Nepal govt’s notification banning use of high denomination Indian currency notes to impact casino industry

The Nepalese cabinet’s recent decision to ban the use of all Indian currency notes above Rs. 100 is expected to severely affect the tourism and casino industry in the Himalayan state, as per a report in The Kathmandu Post.

Although there was a pre-existing ban on use of Indian currency above Rs. 500 in Nepal, the restriction was rarely enforced. The new notification banning Indian notes of Rs. 200, Rs. 500 and Rs. 2,000 value will be a big blow to the tourism, hospitality and casino industries of Nepal which are cash intensive.

“The decision is a big setback particularly for cash-driven industries like tourism,  The major impact of the decision will be on the casino industry, hotels and restaurants.” said Basanta Raj Mishra, a senior tourism entrepreneur in Nepal.

Anil Punjabi, chairman of the Travel Agents’ Federation of India reacted to the ban by stating that casino players from India visiting Nepal will now switch to Goa or Sikkim, since carrying large amounts of INR 100 denomination notes is extremely cumbersome.

Reacting to the ban, Suman Ghimire, president of the Chitwan chapter of Hotel Association of Nepal stated that credit card is still not popular in South Asian countries and people carry pocketfuls of cash.

Since a majority of Indians come to Nepal over land from bordering towns, it’s difficult for them to convert their currency to dollar or Euro.

“If the Indian currency limit was set up to INR 500, we would be more comfortable,” he said. “This is an unpopular decision as no one will carry a bulk of the amount in plastic money to Nepal.”

Business Gaming

Gaming industry badly hit as demonetisation paralyses business, move may benefit legitimate operators in the long run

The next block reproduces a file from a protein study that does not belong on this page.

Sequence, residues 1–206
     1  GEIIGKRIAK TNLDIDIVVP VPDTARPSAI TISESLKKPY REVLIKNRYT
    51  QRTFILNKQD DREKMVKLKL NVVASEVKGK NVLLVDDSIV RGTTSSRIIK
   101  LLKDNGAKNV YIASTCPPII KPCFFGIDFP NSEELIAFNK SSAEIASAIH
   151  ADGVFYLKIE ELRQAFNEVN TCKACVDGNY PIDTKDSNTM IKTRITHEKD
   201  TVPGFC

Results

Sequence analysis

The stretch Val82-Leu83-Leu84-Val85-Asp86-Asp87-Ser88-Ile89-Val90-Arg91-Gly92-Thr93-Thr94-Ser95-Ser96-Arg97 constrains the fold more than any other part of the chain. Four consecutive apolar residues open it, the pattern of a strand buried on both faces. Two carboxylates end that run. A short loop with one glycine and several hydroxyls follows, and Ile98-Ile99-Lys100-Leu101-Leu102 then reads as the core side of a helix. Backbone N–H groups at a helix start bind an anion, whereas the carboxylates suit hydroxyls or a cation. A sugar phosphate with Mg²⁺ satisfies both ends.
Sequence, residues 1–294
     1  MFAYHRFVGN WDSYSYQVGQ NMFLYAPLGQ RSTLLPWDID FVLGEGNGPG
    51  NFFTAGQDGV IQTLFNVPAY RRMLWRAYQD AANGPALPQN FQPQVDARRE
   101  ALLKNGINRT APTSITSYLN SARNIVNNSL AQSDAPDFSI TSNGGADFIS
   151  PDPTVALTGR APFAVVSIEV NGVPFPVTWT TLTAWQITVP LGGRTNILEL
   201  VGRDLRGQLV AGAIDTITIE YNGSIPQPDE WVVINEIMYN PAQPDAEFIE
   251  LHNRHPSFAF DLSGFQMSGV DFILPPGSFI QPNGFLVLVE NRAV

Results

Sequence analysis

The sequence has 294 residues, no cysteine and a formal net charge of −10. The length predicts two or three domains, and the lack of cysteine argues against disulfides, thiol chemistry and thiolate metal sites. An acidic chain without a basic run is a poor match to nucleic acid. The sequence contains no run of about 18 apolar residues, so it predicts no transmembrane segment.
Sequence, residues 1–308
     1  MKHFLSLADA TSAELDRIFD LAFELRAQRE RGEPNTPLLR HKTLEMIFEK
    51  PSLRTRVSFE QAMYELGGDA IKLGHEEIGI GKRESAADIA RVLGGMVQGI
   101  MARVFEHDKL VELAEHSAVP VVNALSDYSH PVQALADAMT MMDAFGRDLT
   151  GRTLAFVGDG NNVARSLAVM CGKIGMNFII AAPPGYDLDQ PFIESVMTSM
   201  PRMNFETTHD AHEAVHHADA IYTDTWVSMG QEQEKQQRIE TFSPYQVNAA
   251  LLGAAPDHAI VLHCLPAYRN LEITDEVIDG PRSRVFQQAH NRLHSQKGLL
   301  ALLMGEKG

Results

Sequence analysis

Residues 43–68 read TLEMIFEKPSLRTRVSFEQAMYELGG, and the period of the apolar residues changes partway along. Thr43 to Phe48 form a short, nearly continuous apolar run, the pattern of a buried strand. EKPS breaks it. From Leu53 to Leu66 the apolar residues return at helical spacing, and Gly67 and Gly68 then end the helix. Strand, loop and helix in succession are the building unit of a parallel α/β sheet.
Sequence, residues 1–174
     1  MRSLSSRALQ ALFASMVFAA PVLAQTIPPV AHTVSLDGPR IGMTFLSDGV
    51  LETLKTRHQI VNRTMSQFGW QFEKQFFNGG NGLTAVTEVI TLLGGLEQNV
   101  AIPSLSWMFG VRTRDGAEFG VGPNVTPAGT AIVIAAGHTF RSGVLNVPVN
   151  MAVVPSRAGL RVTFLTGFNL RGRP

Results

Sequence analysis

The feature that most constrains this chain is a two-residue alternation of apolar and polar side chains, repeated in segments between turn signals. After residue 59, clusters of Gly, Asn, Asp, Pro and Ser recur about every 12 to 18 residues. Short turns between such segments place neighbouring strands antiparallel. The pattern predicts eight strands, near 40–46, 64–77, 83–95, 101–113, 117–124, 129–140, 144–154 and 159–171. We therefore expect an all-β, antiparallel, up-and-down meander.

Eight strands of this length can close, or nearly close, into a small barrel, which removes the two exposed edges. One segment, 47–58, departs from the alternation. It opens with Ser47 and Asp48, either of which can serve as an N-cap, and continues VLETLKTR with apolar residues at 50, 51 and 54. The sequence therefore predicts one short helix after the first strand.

Prime Minister Narendra Modi’s sudden and drastic announcement demonetising (except for emergency services) all 500 & 1000 rupee notes , i.e. around 85% of the currency in circulation, from 9th November onwards, created chaos and panic amongst traders, business houses and most citizens.  However, cash-intensive sectors like real estate, hospitality, luxury goods and gambling seem to be the worst hit.

As per news reports, post demonetisation there have hardly been any customers in casinos in Goa, Sikkim or Nepal. “All our businesses have closed-down. We have no money (in cash) to pay people and vice versa,” the owner of a popular offshore casino is quoted to have told the Indian Express. The stock price of Delta Corp, India’s largest and only listed casino company has fallen almost 35% after the demonetisation announcement, indicating the heavy drop in revenues for the casino business.

Some other reports indicate that not just casinos but other forms of gambling like the illegal betting and matka industries have been heavily affected. “Ours is a cash-based business and the government’s decision has hit us hard. There are millions of rupees in circulation,” a Delhi-based bookie is quoted to have told Hindustan Times.

Apart from this, race-courses, where betting is legally permitted have also been affected since there is not enough liquidity for punters to place bets. The Madras, Delhi, Bangalore and Kolkata race-courses have so far cancelled their scheduled races.  Similarly, the sale of legal lotteries is also said to be impacted due to the demonetisation of the high-value currency notes.

Business of online skill gaming companies (poker, rummy, fantasy game, social gaming etc.)  however does not seem to have been as severely affected as those not having liquid cash are preferring to play games online using credit cards, debit cards and other banking channels or e-wallets.

While the unexpected move is expected to impact all gaming related businesses this financial year, it is expected that those operators offering services legally would not be impacted in the long run. However, the illegal betting, gambling parlours and matka business, said to be operated by the underworld and with gangsters having links to terrorist organisations will be severely affected as the sources of black money will be curtailed, at least in the short run.

The move will however not affect legal gaming and casino businesses beyond this financial year as currency flows are expected to return to normalcy in a month or two. In the foreseeable future, even legal gaming ventures will have to reduce reliance on cash receipts and move to plastic money or banking transactions. The demonetisation exercise should therefore be a blessing in disguise for the gaming industry and should be used as an opportunity to usher highest standards of transparency and tax compliance in the legal gaming industry, which is perceived (and sometimes unfairly so) to be a haven of black money.